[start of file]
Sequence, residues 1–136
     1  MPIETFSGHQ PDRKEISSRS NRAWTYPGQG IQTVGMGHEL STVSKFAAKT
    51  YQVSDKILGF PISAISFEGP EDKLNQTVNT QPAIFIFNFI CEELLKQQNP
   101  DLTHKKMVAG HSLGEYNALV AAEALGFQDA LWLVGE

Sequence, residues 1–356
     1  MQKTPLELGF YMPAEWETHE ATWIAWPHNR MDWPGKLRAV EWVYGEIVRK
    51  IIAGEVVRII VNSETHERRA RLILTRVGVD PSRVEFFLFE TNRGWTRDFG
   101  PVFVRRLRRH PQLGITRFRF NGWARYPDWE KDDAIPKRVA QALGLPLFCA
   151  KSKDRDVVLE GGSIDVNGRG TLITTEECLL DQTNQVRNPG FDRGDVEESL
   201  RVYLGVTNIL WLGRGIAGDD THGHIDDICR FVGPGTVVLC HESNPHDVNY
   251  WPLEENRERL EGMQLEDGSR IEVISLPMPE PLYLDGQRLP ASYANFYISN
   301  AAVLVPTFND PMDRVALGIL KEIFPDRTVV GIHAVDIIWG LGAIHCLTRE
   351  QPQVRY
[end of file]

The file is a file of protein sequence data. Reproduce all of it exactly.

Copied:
Sequence, residues 1–136
     1  MPIETFSGHQ PDRKEISSRS NRAWTYPGQG IQTVGMGHEL STVSKFAAKT
    51  YQVSDKILGF PISAISFEGP EDKLNQTVNT QPAIFIFNFI CEELLKQQNP
   101  DLTHKKMVAG HSLGEYNALV AAEALGFQDA LWLVGE

Sequence, residues 1–356
     1  MQKTPLELGF YMPAEWETHE ATWIAWPHNR MDWPGKLRAV EWVYGEIVRK
    51  IIAGEVVRII VNSETHERRA RLILTRVGVD PSRVEFFLFE TNRGWTRDFG
   101  PVFVRRLRRH PQLGITRFRF NGWARYPDWE KDDAIPKRVA QALGLPLFCA
   151  KSKDRDVVLE GGSIDVNGRG TLITTEECLL DQTNQVRNPG FDRGDVEESL
   201  RVYLGVTNIL WLGRGIAGDD THGHIDDICR FVGPGTVVLC HESNPHDVNY
   251  WPLEENRERL EGMQLEDGSR IEVISLPMPE PLYLDGQRLP ASYANFYISN
   301  AAVLVPTFND PMDRVALGIL KEIFPDRTVV GIHAVDIIWG LGAIHCLTRE
   351  QPQVRY